To understand Myanmar’s road to democracy, consider its actual roads.
Smooth 20-lane highways surround the desolate new capital of Naypyidaw, revealing none of the other regions’ bumps and potholes. In bustling Yangon, traffic is gridlocked. In the north, China’s mining and logging trucks have ravaged hillside passes.
Myanmar’s democratic reforms, which began in 2011, have as far to go as its national infrastructure. The Nov. 8 general election, widely being billed as the country’s first free and fair ballot in 25 years, will be anything but.
First come the legal roadblocks. Myanmar is no longer ruled by a military junta, but its constitution, drafted by the military in 2008, sets aside 25 percent of seats in parliament for unelected military MPs. 75 percent of parliament must agree to any constitutional amendments, effectively giving the military veto power if elected MPs fail to reach absolute consensus.
A sneaky provision in the constitution bars candidates with foreign children from assuming the presidency. That text was presumably drafted with one person in mind–chief opposition leader and Nobel Peace Prize laureate Aung San Suu Kyi, whose two sons are British. Recent efforts to scrap the rule were blocked by the military and its political allies. Undeterred, Suu Kyi has vowed to play puppet master if her National League for Democracy (NLD) party comes to power.
Below these constitutional concerns lies trouble in the bedrock. Hundreds of thousands of temporary citizenship card holders, the majority of whom are persecuted Rohingya Muslims, have been stripped the right to vote.
Suu Kyi recently flagged “worrying signs of religious intolerance” ahead of the election and pointed the finger at Buddhist nationalists who are peddling an improbable fear that Myanmar will become majority Muslim under her party’s leadership. That reality would require an impossible demographic boom or the rapid conversion of tens of millions of Buddhists, both unlikely scenarios.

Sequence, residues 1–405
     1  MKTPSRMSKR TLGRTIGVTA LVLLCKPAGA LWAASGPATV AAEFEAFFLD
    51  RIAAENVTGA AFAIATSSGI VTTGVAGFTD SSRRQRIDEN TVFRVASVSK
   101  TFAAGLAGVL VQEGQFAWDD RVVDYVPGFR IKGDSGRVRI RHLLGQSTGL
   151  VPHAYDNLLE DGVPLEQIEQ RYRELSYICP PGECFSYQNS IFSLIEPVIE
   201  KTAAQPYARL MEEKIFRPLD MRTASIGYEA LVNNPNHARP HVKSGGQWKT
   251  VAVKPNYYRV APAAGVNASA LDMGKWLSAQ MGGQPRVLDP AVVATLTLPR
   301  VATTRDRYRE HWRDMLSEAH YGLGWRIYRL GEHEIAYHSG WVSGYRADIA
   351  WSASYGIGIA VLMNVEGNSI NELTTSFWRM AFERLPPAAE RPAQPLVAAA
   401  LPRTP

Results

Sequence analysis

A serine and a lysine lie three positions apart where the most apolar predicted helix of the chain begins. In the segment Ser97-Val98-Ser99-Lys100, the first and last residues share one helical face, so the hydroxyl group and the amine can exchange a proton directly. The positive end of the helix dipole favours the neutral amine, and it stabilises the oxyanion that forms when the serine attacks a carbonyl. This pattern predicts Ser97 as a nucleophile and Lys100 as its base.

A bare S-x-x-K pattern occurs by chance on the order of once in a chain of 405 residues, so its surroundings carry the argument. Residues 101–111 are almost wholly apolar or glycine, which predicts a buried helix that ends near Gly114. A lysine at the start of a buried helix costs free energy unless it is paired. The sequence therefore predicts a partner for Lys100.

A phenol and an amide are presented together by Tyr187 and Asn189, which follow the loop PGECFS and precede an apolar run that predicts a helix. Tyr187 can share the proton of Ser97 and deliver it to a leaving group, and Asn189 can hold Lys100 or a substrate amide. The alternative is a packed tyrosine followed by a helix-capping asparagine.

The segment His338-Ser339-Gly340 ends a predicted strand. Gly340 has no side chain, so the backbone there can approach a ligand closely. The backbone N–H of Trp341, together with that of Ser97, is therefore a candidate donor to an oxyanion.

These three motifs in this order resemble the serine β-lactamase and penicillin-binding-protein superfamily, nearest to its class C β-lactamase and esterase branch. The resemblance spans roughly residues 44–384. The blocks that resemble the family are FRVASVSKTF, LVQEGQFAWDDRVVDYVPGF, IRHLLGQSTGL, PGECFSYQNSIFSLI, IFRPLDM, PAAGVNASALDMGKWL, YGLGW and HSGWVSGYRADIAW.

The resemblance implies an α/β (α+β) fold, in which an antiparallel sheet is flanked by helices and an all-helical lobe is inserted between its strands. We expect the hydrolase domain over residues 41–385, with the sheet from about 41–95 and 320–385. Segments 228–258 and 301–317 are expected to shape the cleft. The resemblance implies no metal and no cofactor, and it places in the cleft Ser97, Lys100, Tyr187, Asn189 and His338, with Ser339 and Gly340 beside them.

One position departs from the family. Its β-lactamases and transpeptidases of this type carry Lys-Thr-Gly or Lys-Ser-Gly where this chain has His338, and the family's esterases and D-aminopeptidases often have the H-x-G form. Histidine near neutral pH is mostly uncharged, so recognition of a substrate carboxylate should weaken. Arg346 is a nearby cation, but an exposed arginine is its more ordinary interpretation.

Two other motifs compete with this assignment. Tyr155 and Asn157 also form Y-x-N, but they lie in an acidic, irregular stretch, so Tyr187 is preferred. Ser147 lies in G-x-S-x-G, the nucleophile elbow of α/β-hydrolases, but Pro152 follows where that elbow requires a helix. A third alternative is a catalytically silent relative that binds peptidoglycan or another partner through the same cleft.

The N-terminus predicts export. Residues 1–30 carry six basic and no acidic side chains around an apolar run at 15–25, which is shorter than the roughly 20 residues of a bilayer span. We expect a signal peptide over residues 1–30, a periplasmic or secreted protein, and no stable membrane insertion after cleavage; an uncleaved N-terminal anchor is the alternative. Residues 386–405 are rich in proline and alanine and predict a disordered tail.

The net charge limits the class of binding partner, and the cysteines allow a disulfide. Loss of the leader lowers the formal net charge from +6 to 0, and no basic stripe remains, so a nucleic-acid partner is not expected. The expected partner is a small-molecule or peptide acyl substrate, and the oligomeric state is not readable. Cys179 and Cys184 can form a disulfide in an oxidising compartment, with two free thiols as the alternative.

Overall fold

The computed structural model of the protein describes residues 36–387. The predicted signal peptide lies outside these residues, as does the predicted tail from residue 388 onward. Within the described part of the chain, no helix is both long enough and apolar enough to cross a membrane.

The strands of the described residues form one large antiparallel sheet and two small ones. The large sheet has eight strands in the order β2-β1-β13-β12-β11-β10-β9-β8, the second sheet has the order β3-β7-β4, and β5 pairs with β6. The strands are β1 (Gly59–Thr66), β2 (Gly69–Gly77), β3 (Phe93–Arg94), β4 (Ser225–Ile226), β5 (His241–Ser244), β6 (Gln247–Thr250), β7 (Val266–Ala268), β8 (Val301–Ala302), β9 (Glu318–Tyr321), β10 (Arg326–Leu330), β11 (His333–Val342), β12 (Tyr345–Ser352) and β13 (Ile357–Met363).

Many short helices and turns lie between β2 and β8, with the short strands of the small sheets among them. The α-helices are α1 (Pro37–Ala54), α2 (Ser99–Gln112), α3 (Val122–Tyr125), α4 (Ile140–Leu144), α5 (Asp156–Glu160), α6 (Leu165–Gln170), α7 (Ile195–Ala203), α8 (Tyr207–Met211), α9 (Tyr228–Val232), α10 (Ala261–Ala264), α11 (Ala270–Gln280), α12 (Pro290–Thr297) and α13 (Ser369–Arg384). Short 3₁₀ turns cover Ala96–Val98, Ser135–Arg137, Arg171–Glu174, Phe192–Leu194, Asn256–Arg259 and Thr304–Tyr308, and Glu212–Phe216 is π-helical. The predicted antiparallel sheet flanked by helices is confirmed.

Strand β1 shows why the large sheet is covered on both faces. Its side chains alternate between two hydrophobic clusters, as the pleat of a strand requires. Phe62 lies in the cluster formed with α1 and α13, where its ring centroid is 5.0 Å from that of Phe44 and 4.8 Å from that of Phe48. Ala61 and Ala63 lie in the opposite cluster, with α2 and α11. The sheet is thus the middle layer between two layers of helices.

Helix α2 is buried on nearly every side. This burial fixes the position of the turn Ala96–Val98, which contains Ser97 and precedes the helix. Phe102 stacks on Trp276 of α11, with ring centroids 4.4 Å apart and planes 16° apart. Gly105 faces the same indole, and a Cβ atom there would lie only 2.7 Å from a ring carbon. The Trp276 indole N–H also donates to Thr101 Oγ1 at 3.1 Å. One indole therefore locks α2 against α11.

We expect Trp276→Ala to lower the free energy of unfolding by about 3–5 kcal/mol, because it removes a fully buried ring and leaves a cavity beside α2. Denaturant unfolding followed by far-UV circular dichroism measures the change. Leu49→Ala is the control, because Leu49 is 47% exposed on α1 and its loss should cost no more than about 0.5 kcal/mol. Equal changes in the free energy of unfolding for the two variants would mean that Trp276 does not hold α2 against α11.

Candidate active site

Suu Kyi’s public reminders that religion- and race-based propaganda violate the constitution have been more a warning to her opponents and a political play than an embrace of Myanmar’s minority Muslims. Suu Kyi remains unwilling to directly and meaningfully address the Rohingya situation, and not one of her party’s 1,100 candidates is Muslim.
In Rakhine State, which many Rohingya consider home, Chinese authorities allegedly promised an official from the anti-Muslim Arakan National Party “anything” he wants, presumably on the condition that his party safeguard China’s $100 billion investment plans there. Such backroom deals, which seldom benefit citizens, are largely responsible for those ravaged roads and pillaged resources in the country’s north.
While foreign meddling ahead of the election is being dismissed as everyday politics, local activists have been arrested for mocking the military on Facebook.
Some lawyers allege that a double standard is being used to patrol online “hate speech,” with jokes about the ruling government and military leading to prosecution while those targeting Suu Kyi and her opposition party go ignored.
Myanmar’s Nov. 8 election may be more democratic than those of recent decades, but that’s setting the bar pretty low.
If Myanmar wants the international community to recognize its election results, the process must be truly free and fair from the start. That means scrapping rules that arbitrarily disbar candidates from office, extending voting rights to disenfranchised minorities, and abandoning intimidation and silencing tactics that violate the principles of free expression.
Absent these critical reforms, even the veneer of Naypyidaw’s pristine highways will start showing Myanmar’s troubling cracks.